Feeling the pinch. Citing the latest unhinged rant from the New York Times, a friend of John Weidner at Random Jottings comments: 'This amounts to a fists-pounding-on-the-floor temper tantrum. My favorite theory is that Pinch found himself alone in the editorial room last night and got this thing out before “cooler” heads (Andy Rosenthal??) arrived. This could only happen on a Monday before a major Tuesday holiday. They are probably hoping no one reads it.' What's got the Gray Lady in such a tizzy? Maybe it's the latest good news from Iraq:
With 24 hours remaining...
The US military is on track to see the lowest number of monthly fatalities in Iraq since the war began in March, 2003.
In February 2004 the US lost 20 soldiers in the 29 day period.This month the US has lost 21 soldiers in the 31 day period.
The Bush Surge continues to show amazing results.
This follows the news yesterday that 75% of the Al-Qaeda network has been eliminated in Iraq.
Then again, maybe some folks at the NYT are flustered by the impending arrival of William Kristol in the New York Times op-ed pages.
Commentary. I'll be interested to see what Bill Kristol has to say in the Times' pages. Maybe this is a sign of healthy change for the paper; I will do my part to encourage this development by buying the Times on Mondays at least. Here's the official scoop from the Times:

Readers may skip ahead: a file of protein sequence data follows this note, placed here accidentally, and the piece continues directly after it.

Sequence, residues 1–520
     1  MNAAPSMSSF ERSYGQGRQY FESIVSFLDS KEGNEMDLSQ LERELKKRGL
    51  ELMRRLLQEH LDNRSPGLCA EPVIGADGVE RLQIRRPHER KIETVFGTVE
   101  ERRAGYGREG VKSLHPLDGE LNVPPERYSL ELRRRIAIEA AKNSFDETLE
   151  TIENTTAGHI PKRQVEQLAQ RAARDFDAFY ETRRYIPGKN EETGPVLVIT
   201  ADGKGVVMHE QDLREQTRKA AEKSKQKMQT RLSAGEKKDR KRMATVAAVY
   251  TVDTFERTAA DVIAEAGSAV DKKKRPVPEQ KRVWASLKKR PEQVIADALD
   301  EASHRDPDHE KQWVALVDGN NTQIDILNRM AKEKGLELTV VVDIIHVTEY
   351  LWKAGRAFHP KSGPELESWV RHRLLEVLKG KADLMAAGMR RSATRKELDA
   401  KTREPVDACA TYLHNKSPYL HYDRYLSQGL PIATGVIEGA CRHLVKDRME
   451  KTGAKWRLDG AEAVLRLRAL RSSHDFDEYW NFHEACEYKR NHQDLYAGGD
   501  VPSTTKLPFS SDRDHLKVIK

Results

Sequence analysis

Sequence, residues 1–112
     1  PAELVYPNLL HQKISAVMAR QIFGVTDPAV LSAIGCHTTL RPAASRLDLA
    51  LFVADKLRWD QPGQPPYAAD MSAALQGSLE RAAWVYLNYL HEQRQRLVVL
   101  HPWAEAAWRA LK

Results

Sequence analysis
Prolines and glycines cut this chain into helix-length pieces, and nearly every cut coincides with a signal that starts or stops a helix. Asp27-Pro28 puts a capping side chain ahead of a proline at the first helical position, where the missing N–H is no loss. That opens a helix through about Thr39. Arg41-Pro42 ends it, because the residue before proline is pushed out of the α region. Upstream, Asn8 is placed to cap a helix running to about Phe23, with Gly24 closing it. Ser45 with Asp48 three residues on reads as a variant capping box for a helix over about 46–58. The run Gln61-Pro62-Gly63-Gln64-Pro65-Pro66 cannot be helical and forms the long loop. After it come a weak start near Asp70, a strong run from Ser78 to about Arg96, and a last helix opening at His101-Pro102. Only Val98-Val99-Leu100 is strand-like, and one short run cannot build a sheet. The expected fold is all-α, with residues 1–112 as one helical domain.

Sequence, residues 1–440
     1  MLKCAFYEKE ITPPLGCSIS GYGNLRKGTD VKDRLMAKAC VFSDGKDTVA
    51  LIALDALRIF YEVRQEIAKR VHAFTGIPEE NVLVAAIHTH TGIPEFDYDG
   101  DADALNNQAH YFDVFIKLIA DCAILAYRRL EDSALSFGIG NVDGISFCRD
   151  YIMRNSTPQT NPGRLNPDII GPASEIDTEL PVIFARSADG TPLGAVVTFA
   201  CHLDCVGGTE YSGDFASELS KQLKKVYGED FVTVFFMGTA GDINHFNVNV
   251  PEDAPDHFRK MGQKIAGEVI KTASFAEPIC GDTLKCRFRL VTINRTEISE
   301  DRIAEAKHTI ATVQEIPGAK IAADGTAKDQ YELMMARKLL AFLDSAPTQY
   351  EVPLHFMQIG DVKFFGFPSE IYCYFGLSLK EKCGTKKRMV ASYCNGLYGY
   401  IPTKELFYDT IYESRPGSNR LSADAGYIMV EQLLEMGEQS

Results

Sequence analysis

December 30, 2007
The Times Adds an Op-Ed Columnist
By THE NEW YORK TIMES
William Kristol, one of the nation’s leading conservative writers and a vigorous supporter of the Iraq war, will become an Op-Ed page columnist for The New York Times, the newspaper announced Saturday.
Mr. Kristol will write a weekly column for The Times beginning Jan. 7, the newspaper said. He is editor and co-founder of The Weekly Standard, an influential conservative political magazine, and appears regularly on Fox News Sunday and the Fox News Channel. He was a columnist for Time magazine until that relationship was severed this month.
Mr. Kristol, 55, has been a fierce critic of The Times. In 2006, he said that the government should consider prosecuting The Times for disclosing a secret government program to track international banking transactions.
In a 2003 column on the turmoil within The Times that led to the downfall of the top two editors, he wrote that it was not “a first-rate newspaper of record,” adding, “The Times is irredeemable.”
Should be fun.